By Charlie Boothe
September 14, 2017 - The 22nd biennial Bluefield Coal Show at the Brushfork Armory officially kicked off Wednesday morning, welcoming 195 exhibitors to the “coal show for coal people” and celebrating optimism amid a renewed growth in the market.
“We have worked to make it a good show every year of the show,” said Charlie Peters, who has been general chairman of the show since its start in 1976.
Peters spoke at the traditional Media Appreciation Breakfast.
“The coal show is meant for professionals in the industry to meet other professions and discuss what is going on,” he said. “It’s a way to get the message out to everyone so they can understand what is happening in the industry.”
Bill Reid, publisher of Coal News Inc. and the online industry website Coal Zoom, said the latest statistics show coal, at 30 percent, is ahead of natural gas, at 29 percent, as the “largest fuel source on the grid.”
“That’s wonderful for all of us and let’s be happy about that,” he said.
The guest speaker was Hal Quinn, president and CEO of the National Mining Association.
Quinn said policies changes that came with a new administration in Washington have helped.
Natural gas has not been the “sole driver” of the downturn, he said, but benefited from policies that punished coal but subsidized renewable energy sources.
But all of the excessive regulations are now being reviewed and that has allowed optimism in the industry and the market place, he added.
“Coal is rebounding,” he said, citing statistics that show an increase in the tonnage being produced and shipped overseas and overall production. “It (the new regulatory environment) is providing some much needed stability that would have remained out of reach without some changes in Washington.”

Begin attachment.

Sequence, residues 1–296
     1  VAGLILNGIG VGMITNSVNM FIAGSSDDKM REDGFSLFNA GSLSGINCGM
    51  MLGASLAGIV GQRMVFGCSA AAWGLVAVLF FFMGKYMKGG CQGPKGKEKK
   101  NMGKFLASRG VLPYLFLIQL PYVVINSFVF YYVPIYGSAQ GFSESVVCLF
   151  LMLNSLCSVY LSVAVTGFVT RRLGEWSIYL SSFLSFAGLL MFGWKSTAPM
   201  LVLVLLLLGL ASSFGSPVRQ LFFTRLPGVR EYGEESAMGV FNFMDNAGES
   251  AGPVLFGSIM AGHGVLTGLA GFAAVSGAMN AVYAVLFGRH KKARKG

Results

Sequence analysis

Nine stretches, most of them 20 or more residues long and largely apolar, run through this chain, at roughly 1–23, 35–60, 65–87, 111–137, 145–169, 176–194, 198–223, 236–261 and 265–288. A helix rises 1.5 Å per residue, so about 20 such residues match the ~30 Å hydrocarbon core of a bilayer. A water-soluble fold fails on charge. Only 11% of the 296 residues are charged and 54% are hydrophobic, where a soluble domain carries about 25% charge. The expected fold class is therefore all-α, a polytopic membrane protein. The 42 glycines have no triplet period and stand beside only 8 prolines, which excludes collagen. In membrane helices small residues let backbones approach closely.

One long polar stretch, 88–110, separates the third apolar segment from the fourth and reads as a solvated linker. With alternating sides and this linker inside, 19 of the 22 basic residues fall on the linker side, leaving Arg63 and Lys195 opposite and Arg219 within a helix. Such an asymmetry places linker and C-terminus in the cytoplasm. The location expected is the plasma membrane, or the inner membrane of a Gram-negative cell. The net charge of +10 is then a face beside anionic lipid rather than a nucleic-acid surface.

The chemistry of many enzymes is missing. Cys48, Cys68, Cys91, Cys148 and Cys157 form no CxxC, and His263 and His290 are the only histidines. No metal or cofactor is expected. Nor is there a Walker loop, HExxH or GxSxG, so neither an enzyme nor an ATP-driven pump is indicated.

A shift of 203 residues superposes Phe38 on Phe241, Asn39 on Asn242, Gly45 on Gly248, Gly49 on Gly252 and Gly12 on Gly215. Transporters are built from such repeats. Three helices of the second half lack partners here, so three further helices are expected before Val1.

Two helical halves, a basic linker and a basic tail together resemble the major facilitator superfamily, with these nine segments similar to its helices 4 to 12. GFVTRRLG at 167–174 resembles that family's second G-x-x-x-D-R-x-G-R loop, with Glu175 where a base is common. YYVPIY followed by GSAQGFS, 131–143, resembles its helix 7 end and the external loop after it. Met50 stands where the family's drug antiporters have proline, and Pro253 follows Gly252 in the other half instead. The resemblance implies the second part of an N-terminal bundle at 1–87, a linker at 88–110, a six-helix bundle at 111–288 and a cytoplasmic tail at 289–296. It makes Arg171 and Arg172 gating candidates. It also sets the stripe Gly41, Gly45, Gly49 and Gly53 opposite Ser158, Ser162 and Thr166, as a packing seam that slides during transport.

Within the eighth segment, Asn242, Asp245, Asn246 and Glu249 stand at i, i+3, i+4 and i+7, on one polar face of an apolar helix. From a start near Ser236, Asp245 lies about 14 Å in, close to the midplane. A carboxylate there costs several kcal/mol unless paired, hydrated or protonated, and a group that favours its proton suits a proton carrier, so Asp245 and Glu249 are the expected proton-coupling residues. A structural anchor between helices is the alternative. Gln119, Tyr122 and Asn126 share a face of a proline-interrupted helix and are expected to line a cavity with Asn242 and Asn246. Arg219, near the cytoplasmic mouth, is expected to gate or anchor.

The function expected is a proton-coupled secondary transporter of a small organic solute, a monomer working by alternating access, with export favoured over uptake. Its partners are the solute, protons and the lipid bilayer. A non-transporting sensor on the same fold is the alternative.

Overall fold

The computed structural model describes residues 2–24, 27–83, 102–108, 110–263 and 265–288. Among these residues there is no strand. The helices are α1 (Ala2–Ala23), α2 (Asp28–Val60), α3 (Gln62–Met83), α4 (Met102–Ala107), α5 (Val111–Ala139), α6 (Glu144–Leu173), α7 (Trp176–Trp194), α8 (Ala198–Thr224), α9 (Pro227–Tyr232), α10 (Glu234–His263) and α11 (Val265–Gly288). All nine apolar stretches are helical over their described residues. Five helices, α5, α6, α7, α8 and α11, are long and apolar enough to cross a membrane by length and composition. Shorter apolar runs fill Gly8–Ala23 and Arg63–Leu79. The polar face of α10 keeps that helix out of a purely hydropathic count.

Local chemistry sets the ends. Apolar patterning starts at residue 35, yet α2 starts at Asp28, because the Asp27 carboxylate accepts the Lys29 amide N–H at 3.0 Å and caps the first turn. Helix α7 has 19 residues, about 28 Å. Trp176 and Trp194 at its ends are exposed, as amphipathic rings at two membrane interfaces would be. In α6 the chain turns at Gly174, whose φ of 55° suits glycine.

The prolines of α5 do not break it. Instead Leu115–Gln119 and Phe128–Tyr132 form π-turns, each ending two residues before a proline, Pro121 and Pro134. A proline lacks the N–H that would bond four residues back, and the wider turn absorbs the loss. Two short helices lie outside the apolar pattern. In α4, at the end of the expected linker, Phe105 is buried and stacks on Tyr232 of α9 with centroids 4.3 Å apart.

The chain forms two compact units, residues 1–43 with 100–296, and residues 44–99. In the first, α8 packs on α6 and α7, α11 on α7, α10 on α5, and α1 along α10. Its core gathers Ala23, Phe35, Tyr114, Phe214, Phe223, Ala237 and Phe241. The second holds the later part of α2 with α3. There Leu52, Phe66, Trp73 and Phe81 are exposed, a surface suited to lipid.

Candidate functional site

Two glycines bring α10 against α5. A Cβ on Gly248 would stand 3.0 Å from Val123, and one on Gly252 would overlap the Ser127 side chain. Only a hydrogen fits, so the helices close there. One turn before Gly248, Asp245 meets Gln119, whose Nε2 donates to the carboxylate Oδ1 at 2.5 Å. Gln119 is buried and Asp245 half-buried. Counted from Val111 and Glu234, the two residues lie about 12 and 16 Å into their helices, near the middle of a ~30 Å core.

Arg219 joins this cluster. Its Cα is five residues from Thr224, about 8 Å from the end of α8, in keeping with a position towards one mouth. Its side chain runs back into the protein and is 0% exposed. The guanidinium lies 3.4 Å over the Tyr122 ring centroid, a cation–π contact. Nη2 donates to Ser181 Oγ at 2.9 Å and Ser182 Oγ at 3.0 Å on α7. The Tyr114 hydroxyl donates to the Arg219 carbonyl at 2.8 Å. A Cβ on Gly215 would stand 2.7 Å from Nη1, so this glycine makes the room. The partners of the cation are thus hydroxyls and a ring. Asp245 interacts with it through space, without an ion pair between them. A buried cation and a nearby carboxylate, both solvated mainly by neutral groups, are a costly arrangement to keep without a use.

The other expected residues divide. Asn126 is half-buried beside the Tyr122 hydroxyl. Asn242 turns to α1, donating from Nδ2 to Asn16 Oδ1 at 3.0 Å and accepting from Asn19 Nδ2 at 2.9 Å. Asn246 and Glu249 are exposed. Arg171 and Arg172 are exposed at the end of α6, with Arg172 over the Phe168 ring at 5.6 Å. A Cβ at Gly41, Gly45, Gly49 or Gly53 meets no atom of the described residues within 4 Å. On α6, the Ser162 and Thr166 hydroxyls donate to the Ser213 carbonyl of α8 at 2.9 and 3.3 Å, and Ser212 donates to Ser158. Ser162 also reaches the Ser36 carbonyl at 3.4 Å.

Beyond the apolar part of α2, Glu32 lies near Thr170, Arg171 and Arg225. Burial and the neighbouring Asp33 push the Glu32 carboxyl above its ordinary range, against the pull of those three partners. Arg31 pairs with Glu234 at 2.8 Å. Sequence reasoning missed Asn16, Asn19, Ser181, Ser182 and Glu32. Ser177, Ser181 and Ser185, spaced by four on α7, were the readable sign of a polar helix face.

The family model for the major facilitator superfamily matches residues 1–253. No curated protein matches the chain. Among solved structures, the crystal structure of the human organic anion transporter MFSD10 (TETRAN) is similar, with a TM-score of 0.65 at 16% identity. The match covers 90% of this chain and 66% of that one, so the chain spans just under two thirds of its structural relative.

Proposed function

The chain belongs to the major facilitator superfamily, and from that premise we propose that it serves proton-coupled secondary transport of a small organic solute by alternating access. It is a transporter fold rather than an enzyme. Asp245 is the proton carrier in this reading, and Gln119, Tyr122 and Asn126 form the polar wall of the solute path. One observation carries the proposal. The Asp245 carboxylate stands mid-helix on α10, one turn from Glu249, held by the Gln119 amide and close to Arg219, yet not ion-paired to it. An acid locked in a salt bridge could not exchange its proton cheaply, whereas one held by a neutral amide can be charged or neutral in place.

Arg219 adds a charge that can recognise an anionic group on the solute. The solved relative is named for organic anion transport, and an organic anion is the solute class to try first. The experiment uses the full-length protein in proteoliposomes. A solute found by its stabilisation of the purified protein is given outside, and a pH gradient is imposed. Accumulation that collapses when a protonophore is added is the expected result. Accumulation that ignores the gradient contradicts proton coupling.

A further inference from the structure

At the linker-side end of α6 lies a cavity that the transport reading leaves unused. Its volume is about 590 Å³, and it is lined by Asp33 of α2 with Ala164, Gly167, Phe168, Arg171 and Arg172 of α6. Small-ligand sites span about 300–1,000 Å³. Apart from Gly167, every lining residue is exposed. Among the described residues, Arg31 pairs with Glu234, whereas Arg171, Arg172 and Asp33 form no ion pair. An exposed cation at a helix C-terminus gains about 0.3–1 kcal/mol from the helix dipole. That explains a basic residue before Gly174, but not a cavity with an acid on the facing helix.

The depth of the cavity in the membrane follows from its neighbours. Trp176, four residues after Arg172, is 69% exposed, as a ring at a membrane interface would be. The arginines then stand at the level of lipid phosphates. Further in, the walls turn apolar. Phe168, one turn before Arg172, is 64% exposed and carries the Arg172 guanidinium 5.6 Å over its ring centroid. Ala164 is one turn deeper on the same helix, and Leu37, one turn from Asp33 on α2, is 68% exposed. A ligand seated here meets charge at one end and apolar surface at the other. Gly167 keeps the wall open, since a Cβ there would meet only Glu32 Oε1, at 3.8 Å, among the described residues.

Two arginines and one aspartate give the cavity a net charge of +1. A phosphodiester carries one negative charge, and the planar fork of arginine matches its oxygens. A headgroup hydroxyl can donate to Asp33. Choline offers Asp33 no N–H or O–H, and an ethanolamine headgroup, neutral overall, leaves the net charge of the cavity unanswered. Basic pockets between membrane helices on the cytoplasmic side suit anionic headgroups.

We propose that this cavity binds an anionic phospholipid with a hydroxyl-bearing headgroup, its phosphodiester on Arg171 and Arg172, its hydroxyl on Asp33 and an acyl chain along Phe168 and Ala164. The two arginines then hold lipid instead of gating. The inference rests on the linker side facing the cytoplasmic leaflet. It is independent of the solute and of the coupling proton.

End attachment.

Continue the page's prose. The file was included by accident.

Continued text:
Quinn said the nation should pursue a “balanced policy that preserves national optionals” with energy.
“Keeping coal on the (energy) grid makes more sense than keeping it under the ground,” he said, adding that it’s a matter of “bringing common sense and common benefits to all consumers.”
As both state and federal governments are now reviewing how things are done, the industry should do the same, he said. “We need to look inward and focus on what we can control, what we do control, to make it more competitive.”
“Tough times bring game-changing innovations in productivity and supply chains,” he said. “It’s about delivery costs, the logistics of the transportation segment ... How we can offer better service and competitive prices should be our goal.”
After the ribbon-cutting, Bill Raney, president of the West Virginia Coal Association, said it’s a “great show.”
It is also appropriate that the show is held in the heart of coal country with a 150-year tradition, he added.
“We have the best coal miners in the world,” he said. “Bluefield is the heartbeat of the Appalachian coal industry.”
Wortsmith with Laser Tools Inc. of Little Rock, Ark., said he as been to several shows, but this was the first time as an exhibitor.
“I was here in 2015 and it (the atmosphere of the show) was negative,” he said. “But this year is a different environment, much more positive.”
Wortsmith said the optimism has been created by results, and he has seen an increase in business for his company, which is the only one that makes laser tools for underground mining.
“We have sold more in the last year than we did the two years before that,” he said.